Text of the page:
FOLK TALE FROM THE OLD DAYS
By Samuel Canerday
Once, there was an old man who was alone in the world. The world, as he knew it, was an interminable stretch of coast line that he followed every day. He woke up, shook the sand off of his stiff limbs, and walked down the beach, water to his left, land to his right. When night fell, he would lay down, bundle his coat against him, and burrow in the sand to try to stay warm in the darkness. He had done this every day for as long as he could remember. He didn’t remember why he kept walking every day, only that he knew he should, and he was interested in doing little else.
The years stretched on and on, endless as the beach he walked, and little changed. The sea was always the same, even in its many shapes and forms; clear or dark water, high or low tide, blue colored or green. The land was always the same, in just the way as the sea. Dead, black trees, defaced monuments, abandoned homes. Wide fields of barren waste. The man was just how his surroundings were, and he was always the same. Whether he reflected the world he lived in, or it reflected him, no one could say.
He had a vague memory of a time, or a place, much like the one he was in, but somehow so different. Things weren’t the same then, they were different. But he couldn’t ever quite remember if it was a real place, or if he had just imagined such a place and hoped it to be real. The old man kept walking, all this time. He had with him a small stick, which he used to steady his limp as he walked down the shoreline. Behind him was an endless trail of footsteps, each one on the right punctuated with the circular pattern of his walking stick.
Sometimes, when the wind was high, it would blow spray from the surf into his eyes, stinging them and causing his eyes to water. Or, much the same but far, far worse, sometimes, when the wind was high, it would blow sand from the ground into his eyes. He kept walking through all of this.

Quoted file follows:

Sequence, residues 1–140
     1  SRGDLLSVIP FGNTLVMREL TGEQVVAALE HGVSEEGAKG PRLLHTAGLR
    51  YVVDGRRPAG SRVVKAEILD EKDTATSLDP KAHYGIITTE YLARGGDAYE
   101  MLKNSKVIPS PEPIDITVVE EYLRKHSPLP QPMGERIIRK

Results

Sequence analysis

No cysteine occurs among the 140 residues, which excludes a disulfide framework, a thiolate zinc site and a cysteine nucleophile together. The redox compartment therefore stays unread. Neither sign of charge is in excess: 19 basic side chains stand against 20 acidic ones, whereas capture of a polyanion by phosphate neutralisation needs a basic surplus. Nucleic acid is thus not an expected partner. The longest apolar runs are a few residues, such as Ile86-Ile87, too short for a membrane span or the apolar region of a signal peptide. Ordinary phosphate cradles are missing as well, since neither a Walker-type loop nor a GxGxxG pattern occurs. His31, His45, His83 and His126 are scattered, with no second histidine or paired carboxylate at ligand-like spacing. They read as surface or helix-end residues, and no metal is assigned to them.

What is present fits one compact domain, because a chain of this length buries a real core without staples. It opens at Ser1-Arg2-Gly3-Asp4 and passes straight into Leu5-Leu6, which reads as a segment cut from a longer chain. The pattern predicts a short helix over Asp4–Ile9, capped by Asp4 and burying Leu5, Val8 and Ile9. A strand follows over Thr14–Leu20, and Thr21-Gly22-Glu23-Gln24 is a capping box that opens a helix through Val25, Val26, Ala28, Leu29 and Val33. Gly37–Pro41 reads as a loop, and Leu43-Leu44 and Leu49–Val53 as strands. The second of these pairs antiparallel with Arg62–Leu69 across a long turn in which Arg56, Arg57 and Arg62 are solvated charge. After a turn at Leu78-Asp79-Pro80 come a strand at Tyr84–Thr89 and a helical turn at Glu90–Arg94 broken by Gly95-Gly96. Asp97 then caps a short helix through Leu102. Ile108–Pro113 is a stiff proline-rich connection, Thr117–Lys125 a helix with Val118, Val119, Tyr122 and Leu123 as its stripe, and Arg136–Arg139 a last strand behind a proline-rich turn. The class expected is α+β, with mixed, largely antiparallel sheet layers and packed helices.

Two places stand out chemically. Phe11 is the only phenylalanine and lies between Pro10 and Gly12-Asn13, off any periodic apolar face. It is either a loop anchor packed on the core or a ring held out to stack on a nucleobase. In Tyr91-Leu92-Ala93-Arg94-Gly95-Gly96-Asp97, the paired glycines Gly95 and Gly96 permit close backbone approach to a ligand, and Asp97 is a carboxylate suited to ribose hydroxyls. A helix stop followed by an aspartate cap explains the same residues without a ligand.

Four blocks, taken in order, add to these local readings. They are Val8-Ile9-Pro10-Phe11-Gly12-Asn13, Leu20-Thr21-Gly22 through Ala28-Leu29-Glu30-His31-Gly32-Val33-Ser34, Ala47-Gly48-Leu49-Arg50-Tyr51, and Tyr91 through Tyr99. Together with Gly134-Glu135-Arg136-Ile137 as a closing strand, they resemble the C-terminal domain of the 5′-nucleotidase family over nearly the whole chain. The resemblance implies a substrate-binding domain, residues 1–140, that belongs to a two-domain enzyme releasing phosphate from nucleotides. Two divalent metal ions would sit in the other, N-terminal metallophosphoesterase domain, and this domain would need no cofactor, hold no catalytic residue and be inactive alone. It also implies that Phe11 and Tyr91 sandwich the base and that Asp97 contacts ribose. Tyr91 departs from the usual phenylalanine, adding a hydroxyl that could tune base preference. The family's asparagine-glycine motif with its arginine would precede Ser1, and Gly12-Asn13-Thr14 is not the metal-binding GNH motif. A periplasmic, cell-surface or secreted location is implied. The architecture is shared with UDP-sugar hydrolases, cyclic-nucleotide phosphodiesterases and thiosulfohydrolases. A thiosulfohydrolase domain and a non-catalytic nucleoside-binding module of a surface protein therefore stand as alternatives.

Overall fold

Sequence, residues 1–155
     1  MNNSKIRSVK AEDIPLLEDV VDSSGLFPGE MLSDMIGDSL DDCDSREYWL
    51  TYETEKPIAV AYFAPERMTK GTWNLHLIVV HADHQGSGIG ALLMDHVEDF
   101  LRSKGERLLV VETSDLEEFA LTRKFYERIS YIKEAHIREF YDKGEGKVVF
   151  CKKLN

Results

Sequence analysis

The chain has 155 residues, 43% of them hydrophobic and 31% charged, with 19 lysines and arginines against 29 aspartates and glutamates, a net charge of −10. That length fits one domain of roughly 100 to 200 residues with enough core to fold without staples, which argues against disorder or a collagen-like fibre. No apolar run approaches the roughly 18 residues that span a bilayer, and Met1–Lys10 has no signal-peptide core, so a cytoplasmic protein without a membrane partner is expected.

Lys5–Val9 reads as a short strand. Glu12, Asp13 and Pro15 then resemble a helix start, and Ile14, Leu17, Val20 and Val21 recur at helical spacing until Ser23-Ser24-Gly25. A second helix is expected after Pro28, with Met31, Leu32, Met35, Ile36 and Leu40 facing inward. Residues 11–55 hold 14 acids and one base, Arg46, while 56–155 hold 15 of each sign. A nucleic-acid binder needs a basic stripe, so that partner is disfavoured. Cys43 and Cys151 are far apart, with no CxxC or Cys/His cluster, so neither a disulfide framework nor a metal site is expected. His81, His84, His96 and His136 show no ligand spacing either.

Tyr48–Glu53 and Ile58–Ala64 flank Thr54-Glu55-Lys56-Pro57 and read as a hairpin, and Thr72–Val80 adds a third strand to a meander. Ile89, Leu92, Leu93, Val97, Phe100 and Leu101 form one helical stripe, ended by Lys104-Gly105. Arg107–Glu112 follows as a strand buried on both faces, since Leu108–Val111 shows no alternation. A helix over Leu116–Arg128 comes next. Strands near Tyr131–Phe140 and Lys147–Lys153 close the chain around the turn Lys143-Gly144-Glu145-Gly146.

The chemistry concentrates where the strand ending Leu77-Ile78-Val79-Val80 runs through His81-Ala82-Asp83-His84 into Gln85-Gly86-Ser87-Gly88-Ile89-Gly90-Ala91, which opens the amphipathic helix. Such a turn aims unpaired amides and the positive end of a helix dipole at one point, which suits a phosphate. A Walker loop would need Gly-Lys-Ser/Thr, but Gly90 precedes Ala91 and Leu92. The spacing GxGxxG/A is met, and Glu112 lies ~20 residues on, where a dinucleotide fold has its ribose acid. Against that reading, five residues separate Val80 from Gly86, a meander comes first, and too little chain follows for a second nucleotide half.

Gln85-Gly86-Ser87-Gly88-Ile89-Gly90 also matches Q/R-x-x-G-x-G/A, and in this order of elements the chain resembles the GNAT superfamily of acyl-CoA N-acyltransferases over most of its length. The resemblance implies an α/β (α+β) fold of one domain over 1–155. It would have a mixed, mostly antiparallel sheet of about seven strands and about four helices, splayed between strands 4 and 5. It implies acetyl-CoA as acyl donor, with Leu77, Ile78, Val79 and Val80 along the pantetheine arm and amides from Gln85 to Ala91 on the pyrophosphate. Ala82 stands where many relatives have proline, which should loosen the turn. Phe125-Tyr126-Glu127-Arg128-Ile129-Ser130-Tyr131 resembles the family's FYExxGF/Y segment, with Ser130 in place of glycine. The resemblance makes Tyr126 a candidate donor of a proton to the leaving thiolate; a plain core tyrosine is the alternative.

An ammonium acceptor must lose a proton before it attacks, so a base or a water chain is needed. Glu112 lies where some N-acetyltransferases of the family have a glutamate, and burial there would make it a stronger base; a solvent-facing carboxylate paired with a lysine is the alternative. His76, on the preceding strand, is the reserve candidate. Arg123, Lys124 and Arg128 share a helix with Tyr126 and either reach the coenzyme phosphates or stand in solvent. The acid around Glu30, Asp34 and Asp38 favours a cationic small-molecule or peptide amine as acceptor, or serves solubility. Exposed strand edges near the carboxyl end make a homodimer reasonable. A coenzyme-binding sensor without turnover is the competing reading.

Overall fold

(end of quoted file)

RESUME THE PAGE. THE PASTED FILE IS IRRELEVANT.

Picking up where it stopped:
Sometimes, when the water was high, it would lap at his tattered shoes, and chill his feet to the bone. Or, much the same but far, far worse, sometimes, when the water was high, it would crash down onto his whole body, seeping into his ragged clothes and chilling him to the bone. He kept walking through all of this.
Sometimes, when the smoke from further inland was thick in the air, he could hear the loud groans of decaying trees combusting from within and screaming as the heat left their wooden bodies. Or, much the same but far, far worse, sometimes, when the smoke from further inland was thick in the air, he could hear the sound of some sort of ominous singing, and distant screaming that made him cringe with fear.
As the days melted together, the old man one day realized he could see other footsteps in the sand. They went parallel to his own path, and, as he looked back, he saw that they did so all the way into the distance behind him. He wondered where they began, and where they ended, if there truly was another person on the long beach with him. He kept walking and walking, and still the other trail went toward the horizon in the sand. Several days went by, until, eventually, the other footsteps stopped.
They ended suddenly, and no one was at the end of them. It was as if whoever made the tracks had been snatched into the air, but such a thing would be impossible, thought the old man. Or, perhaps, someone had descended from the sky and started walking, and they had crossed paths without ever realizing it. Whatever the case was, no answer made sense to the old man. As he pondered this strange circumstance, he thought how nothing had caught his interest in countless years of walking, until the day he had seen those tracks. As he came to the end of them, for the first time since he could remember, he stopped walking.
Looking up, he wondered once again at how the steps vanished so suddenly. After some time, he decided that something incredible had happened in this spot. So, he made a decision: he would rather stay in this place where something had happened than continue walking everyday, where nothing happened. Looking about, he found a piece of driftwood on the shore, and dragged it to where the footsteps ended. He stuck it upright in the sand, to act as a marker. He explored the trees further inland, and brought back piles of wood to the marker. He gathered stones and plant fibers from the sea shore. He made tools, gathered resources, and began building.